Lawyer Group Responds To Controversial YouTube Video - InformationWeek
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02:49 PM

Lawyer Group Responds To Controversial YouTube Video

The American Immigration Lawyers Association advises employers to meet the legal requirements when hiring foreign nationals, even if the process is "far from perfect."

The American Immigration Lawyers Association released a statement Friday about practices employers must take before hiring foreign nationals following a controversial YouTube video.

The association is "dedicated to the rule of law and to the good faith application of our laws, and condemns the use of charade or manipulation to achieve regulatory compliance," begins the statement. "The association is committed to the highest standards of excellence and ethics in immigration practice and does its utmost to educate its members about these standards."

On Monday, InformationWeek reported that the law firm of Cohen & Grigsby posted video from a seminar on YouTube that shows attorneys advising clients on how to minimally advertise job postings to best avoid hearing from "qualified and interested" U.S. workers. Federal law requires that an employer make a permanent job posting available to qualified U.S. citizens before hiring a foreign national.

The firm later removed the video, but not before the Programmers Guild, a group of IT professionals critical of U.S. immigration policy, recorded and ran their own, edited version of it on YouTube.

In a statement released Friday, the firm said, "Cohen & Grigsby has a responsibility to ensure that our clients are both fully aware of and compliant with all of the relevant laws governing the employment of international workers. To that point, we stand by the substance of our recent Immigration Law Update Seminar. We regret the choice of words that was used during a small segment of the seminar. It is unfortunate that these statements have been commandeered and misused, which runs contrary to our intent."

Thursday, Sen. Chuck Grassley (R-Iowa) and Rep. Lamar Smith (R-Texas) sent a letter to the firm asking for records of people their firm and its clients have hired using H-1B visas, and a letter to U.S. Department of Labor requesting an investigation into the firm's practices.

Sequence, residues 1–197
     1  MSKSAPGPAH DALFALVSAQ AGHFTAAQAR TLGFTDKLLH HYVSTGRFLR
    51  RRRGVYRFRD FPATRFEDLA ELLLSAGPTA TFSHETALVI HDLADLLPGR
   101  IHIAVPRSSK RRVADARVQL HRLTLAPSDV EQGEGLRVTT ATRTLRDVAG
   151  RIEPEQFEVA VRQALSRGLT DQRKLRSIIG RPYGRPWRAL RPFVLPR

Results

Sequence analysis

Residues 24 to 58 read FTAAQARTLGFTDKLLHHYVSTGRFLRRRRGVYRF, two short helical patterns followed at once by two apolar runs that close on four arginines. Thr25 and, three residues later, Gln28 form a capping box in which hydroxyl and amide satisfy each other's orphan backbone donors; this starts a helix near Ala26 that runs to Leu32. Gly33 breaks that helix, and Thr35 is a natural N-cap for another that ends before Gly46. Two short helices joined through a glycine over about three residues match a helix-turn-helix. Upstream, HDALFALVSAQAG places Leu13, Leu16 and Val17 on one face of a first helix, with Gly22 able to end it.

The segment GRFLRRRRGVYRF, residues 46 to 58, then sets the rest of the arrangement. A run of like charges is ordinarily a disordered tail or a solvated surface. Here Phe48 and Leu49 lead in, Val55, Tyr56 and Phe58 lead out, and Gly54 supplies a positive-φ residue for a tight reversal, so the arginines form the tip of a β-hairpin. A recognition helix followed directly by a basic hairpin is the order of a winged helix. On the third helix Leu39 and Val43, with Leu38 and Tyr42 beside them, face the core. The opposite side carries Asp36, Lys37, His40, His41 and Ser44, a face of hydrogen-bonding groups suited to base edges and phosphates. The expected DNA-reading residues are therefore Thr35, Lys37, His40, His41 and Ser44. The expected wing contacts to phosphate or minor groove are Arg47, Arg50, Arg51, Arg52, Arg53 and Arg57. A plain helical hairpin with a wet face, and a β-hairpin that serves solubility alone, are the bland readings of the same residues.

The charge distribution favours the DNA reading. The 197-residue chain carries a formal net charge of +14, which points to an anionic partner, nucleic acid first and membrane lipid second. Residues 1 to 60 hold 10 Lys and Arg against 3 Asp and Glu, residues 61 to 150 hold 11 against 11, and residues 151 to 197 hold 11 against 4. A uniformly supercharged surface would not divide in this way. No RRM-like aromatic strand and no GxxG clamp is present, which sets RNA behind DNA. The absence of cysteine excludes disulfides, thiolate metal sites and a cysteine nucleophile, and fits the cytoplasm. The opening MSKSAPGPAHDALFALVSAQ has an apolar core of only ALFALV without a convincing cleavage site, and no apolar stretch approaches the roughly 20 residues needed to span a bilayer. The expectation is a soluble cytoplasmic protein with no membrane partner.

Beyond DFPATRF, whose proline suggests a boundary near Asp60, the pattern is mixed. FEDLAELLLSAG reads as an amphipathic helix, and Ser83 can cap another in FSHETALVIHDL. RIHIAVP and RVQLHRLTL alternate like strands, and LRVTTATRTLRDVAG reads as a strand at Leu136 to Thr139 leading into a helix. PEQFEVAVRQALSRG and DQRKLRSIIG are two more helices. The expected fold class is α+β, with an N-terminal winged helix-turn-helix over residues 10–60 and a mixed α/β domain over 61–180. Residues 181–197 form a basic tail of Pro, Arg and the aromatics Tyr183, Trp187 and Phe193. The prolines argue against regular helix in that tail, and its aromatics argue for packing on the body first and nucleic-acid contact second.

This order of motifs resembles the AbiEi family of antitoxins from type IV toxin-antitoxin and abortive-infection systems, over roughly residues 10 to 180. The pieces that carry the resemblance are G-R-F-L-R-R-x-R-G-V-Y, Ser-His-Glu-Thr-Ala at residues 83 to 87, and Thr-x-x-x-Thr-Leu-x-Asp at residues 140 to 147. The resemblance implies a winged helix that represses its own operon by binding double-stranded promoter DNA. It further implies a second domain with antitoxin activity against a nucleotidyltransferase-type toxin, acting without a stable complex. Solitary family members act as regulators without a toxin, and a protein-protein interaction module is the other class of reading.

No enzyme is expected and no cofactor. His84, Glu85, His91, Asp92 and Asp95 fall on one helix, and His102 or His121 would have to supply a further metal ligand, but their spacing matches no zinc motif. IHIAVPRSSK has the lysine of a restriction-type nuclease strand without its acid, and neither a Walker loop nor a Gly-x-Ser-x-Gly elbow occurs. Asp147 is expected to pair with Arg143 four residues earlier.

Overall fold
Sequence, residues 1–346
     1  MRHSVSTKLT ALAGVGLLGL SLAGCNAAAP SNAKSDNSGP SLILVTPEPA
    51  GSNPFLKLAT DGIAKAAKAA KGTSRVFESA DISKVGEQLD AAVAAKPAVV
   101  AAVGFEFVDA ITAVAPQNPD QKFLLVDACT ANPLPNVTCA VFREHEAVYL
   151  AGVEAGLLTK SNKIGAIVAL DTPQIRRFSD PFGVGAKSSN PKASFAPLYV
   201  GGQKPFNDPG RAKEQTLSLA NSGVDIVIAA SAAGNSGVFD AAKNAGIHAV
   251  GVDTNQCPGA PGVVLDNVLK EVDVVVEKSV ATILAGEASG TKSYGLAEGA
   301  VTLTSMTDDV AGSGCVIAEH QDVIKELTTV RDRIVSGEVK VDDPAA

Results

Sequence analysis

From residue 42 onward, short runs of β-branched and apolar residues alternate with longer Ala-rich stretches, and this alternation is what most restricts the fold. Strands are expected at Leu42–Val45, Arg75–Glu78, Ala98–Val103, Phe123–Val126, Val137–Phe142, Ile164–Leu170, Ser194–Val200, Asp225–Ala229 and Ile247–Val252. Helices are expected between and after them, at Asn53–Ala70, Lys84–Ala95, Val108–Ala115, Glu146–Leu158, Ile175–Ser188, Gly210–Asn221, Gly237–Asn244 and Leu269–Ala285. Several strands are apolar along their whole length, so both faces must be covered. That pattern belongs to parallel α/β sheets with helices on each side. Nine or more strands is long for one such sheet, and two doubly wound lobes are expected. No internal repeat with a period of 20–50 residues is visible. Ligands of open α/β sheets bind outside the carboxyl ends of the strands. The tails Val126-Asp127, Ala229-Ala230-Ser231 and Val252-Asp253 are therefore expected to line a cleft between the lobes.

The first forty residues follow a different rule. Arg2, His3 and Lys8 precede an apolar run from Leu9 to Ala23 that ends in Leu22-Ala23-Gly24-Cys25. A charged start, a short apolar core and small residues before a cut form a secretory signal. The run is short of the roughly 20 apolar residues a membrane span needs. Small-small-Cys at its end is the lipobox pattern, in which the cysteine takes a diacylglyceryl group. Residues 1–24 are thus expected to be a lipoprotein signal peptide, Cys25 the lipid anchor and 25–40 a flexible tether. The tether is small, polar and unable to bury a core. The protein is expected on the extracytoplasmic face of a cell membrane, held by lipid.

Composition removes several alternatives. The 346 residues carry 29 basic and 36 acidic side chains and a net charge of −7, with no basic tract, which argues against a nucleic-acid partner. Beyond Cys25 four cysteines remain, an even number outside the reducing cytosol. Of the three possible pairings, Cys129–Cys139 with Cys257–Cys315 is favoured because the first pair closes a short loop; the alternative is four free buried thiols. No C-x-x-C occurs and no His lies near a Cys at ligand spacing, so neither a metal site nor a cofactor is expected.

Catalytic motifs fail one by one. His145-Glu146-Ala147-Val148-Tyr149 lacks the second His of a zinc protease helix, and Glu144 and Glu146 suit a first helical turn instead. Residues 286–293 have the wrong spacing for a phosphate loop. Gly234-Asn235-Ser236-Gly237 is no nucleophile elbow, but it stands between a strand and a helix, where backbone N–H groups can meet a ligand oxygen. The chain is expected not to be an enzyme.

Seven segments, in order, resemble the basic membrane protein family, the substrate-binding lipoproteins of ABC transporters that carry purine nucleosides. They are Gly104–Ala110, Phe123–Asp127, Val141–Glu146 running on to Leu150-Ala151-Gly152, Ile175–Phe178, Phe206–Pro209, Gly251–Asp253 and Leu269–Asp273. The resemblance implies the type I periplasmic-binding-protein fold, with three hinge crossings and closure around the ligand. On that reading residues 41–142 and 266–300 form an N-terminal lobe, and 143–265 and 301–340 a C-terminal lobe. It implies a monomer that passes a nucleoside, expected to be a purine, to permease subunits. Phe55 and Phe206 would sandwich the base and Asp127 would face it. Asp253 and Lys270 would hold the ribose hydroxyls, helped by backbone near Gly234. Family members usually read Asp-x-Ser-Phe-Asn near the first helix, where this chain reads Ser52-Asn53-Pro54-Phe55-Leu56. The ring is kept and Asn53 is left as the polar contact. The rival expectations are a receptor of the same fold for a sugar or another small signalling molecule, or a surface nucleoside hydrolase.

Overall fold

The association's letter states that to "protect U.S. workers from unfair employment practices and protect foreign workers from exploitation and abuse," employers seeking to hire foreign nationals for a permanent job should include the following steps in the labor certification process (which, by the way, is not a requirement for an H-1B visa):

  • Six different forms of recruitment, including print ads in widely-circulated Sunday newspapers and 30-day job postings with state labor agencies.
  • A requirement that the employer obtain confirmation of the prevailing wage for the position and offer and pay at least that wage.
  • Compliance records that include the employer's review of applicants for the position.
Meanwhile, the association seeks to reassure employers that it understands their pain. "The permanent labor certification process is far from perfect. Its requirements are mechanical, and generally do not reflect how employers ordinarily recruit for positions," the statement reads. "While imperfect, the labor certification requirements provide an important check and balance on employers who seek highly qualified workers to fill important positions in their companies."

The association also criticized a proposed point system being debated in Congress as part of immigration reform that would give immigrants preferential treatment based on such things as English fluency and education, and ultimately employers less flexibility in who they want to hire.

"An employer/employee relationship combined with a strong labor market test is the best protection for all workers, " the statement reads. "Reforms to our immigration system must preserve and protect this important nexus and vital worker protection. De-coupling the immigration process from any grounding in an employer relationship and establishing a 'point system' that would require no proof of a labor shortage in the occupation, as contemplated by the immigration bill currently pending in the U.S. Senate, is an invitation to a disastrous immigration policy."

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